Rhapsody in Schmaltz
Bagels, deli sandwiches, and kosher dills are only a few of the Jewish foods to have crossed into American culture and onto non-Jewish plates. From the Bible and Talmud to the delis of North America, Rhapsody in Shmaltz traces the history and impact of the cuisine that Yiddish-speaking Jews from Central Eastern Europe brought across the Atlantic and that their North American descendants have developed and refined.
With an eye for detail and a healthy dose of humor, Michael Wex also examines the role of these foods in modern culture, from temple to television. He looks at Diane Keaton’s pastrami sandwich in Annie Hall, kosher chocolate Santa Clauses, and the bridge of blintzes that links The Three Stooges to The Big Bang Theory, shedding light on how Jewish food has affected our modern imaginations.
Rhapsody in Schmaltz is a masterful work, one I’ll turn to over and over for both historical reference and a hearty chuckle.
Only Wex can write an insightful, witty read on the history of Jewish food and its ingredients. According to Leviticus, ‘all the fat is the Lord’s.’ Lately I think my butcher has been giving me too much of God’s share.
Rhapsody in Schmaltz is an entertaining and fascinating journey in the humor, history and traditions of food and Judaism.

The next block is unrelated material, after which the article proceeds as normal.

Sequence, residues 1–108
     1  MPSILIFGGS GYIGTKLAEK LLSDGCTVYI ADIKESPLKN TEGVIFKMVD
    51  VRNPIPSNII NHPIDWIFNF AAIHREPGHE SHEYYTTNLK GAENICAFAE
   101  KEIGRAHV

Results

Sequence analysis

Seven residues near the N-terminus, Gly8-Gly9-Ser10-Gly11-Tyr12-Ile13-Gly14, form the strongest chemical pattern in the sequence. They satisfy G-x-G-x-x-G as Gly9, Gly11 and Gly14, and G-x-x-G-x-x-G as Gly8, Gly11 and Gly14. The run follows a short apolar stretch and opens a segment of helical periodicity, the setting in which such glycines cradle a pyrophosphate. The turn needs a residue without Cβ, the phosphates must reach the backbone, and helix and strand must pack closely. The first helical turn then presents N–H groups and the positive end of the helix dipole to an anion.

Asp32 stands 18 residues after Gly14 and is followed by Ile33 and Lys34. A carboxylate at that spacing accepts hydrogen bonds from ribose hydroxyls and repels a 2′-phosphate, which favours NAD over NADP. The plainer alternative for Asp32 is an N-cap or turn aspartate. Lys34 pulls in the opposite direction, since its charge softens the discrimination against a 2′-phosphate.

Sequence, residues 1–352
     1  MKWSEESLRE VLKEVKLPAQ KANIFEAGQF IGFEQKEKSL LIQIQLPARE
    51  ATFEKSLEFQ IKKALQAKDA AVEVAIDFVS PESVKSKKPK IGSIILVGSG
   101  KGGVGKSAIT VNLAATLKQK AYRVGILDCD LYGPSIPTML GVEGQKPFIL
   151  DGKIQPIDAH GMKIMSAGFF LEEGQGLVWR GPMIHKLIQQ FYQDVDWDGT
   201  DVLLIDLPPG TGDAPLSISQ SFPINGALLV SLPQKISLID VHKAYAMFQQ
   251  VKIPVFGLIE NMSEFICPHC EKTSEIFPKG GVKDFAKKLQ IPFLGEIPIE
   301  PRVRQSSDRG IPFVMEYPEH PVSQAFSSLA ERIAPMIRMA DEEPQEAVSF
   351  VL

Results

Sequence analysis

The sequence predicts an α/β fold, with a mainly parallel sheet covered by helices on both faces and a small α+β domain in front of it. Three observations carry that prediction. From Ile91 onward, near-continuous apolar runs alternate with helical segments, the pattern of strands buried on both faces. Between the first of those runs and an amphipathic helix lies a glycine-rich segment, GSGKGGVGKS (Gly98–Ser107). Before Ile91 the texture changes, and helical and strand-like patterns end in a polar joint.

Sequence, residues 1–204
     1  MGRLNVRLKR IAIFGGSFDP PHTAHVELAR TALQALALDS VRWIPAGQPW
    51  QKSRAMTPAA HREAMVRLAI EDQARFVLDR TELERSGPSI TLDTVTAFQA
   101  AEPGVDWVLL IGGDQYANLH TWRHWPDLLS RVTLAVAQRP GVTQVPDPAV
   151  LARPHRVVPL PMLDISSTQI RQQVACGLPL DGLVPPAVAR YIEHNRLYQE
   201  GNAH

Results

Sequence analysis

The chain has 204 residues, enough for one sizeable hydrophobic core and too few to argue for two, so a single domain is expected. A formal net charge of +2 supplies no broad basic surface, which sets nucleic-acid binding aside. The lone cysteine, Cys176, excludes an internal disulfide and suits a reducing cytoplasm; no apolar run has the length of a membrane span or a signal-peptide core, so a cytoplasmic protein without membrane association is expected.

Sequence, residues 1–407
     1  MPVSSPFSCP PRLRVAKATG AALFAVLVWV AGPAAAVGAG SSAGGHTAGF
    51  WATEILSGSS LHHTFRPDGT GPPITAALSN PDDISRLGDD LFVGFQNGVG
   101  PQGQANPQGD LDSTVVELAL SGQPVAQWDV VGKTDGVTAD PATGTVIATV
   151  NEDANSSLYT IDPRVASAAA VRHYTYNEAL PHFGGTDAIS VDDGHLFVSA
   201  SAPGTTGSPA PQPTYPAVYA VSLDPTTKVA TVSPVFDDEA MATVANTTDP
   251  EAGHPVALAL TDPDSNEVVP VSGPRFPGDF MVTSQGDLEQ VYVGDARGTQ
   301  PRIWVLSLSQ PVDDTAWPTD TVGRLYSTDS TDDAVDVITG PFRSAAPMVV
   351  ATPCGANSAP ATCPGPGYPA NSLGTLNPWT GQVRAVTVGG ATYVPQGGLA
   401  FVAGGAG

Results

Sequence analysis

Chicken, Kishke, Cholent and Matzoh have dominated the Yiddish menu and kept it in virtual bondage for hundreds of years. Rhapsody in Schmaltz tells the true story behind these fetishized dishes and gives us what Yiddish, no stranger to pain, calls the Essen Emes.
Only Michael Wex could unravel the delectable mysteries of Ashkenazi cuisine with the precision of a Talmudic commentator and the wit of a Jon Stewart. Here are all the usual suspects–from kasha and knishes to kugels–but their explication comes by way of Chaucer and Ray Charles, Petronius, Pynchon, and Homer Simpson. A savory must-read for all food and language mavens, who will discover the true Yiddish vegetables, not to mention, the subtle erotic sirensong of a challah.
An enticing tour of Judaism’s culinary past. Wex brings lighthearted humor and his considerable expertise on Jewish culture to a wide-ranging look at Jewish food, from biblical dietary restrictions to New York bagels. An informative, merrily entertaining culinary and cultural history.
Don’t miss a chance to remember what we ate when life seemed to be much simpler.
Without being “schmaltzy” (sentimental), Wex conveys his knowledge of Yiddish culture and food laws with a healthy dose of humor.